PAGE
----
Hans Canosa

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Hans Canosa
Born (1970-01-10) January 10, 1970 (age 48)
Holden, Massachusetts, USA
Occupation Film director
Film editor
Film producer
Known for Use of split screen effect for the entire film Conversations with Other Women

Hans Canosa (born January 10, 1970) is an American film director, screenwriter, film editor and producer best known for his independent film Conversations with Other Women (2005), starring Aaron Eckhart and Helena Bonham Carter.[1]


Canosa was born in Holden, Massachusetts, USA, where he received a Fundamentalist Christian education from his parents. Because their beliefs did not support films, Canosa did not go to a movie theater until he was 17 years old. He chose to attend Harvard College, for which he was disinherited by his parents. There he directed several plays and videos. He later entered New York University's graduate film program, but dropped out when he felt it was too restrictive for him.[1][2] It was that day he first saw a film in a theater that Canosa first came up with the idea for a splitscreen film which he used in filming Conversations with Other Women.[3]



In speaking toward Conversations with Other Women, Film Threat wrote "The story is deceptively simple – and yawningly familiar". And in briefly addressing the plot of a man and woman, lover when far younger, reuniting at a New York wedding reception over drinks and cigarettes, and rekindling their past attraction now that we are older and wiser, the reviewer praised Canosa by writing "director Hans Canosa transforms this over-used premise into something moving and memorable".[1] The Montreal Gazette noted that Canosa's use of a split screen format, gave "nuance" to what they termed a "brilliant, witty romance", and offered that it "is also one of the few movies that employs technical trickery to its advantage."[5] Contrarily, San Francisco Chronicle while also praising his film, felt that where other directors might use a split screen occasionally, Canosa's use of the effect for the entire film was "distancing, often frustrating and sometimes just plain odd." They added that although the director's use of split screen might have been questionable, "Canosa brings it off with grace and inventiveness".[6]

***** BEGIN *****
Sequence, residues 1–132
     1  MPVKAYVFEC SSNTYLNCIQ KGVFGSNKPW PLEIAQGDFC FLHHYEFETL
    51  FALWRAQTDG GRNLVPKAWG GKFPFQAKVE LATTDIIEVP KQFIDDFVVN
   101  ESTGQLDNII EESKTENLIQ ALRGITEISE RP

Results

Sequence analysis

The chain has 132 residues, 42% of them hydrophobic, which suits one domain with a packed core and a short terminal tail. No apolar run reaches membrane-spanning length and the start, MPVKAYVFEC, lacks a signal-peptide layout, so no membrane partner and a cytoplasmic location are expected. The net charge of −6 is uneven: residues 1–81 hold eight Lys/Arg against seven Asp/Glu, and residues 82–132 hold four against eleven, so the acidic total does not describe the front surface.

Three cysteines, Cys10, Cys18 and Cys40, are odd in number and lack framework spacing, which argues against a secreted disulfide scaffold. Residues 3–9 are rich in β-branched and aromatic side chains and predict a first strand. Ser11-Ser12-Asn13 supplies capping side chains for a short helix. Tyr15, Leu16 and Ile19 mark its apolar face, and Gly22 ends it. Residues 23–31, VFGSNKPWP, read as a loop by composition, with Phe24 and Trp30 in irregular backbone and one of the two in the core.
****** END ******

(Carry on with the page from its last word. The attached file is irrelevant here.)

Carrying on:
Toward Canosa's first project, Alma Mater, Film Threat wrote that with the film being set in 1963, it was a "stylistic throwback", but that it captures the era "quite well", in "terms of what the audience sees on the screen and in the way they see it." They felt the director created a 2002 film that felt like it had actually been shot in 1963.[7]

Awards and nominations[edit]


  1. ^ a b c Doughton, KJ (September 28, 2006). "Conversations with Casanova". Film Threat. Retrieved December 2, 2011. 
  2. ^ "Hans Canosa". The List. May 7, 2007. Retrieved December 2, 2011. 
  3. ^ Greer, Darroch (August 1, 2006). "Fade to Black: Hans Canosa, Director". Digital Content. Retrieved December 2, 2011. 
  4. ^ Cellini, Joe. "Hans Canosa: Two-Way "Conversations". apple.com. Retrieved December 2, 2011. 
  5. ^ Griffin, J (August 11, 2006). "Split screen gives nuance to brilliant, witty romance". Montreal Gazette. Canwest. Archived from the original on September 25, 2014. Retrieved December 3, 2011. 
  6. ^ LaSalle, Mick (August 11, 2006). "Wedding chat puts guests in mood". San Francisco Chronicle. pp. 1–2. Retrieved December 3, 2011. 
  7. ^ Bertrand, Merle (November 24, 2002). "review: Alma Mater". Film Threat. Retrieved December 2, 2011. 

External links[edit]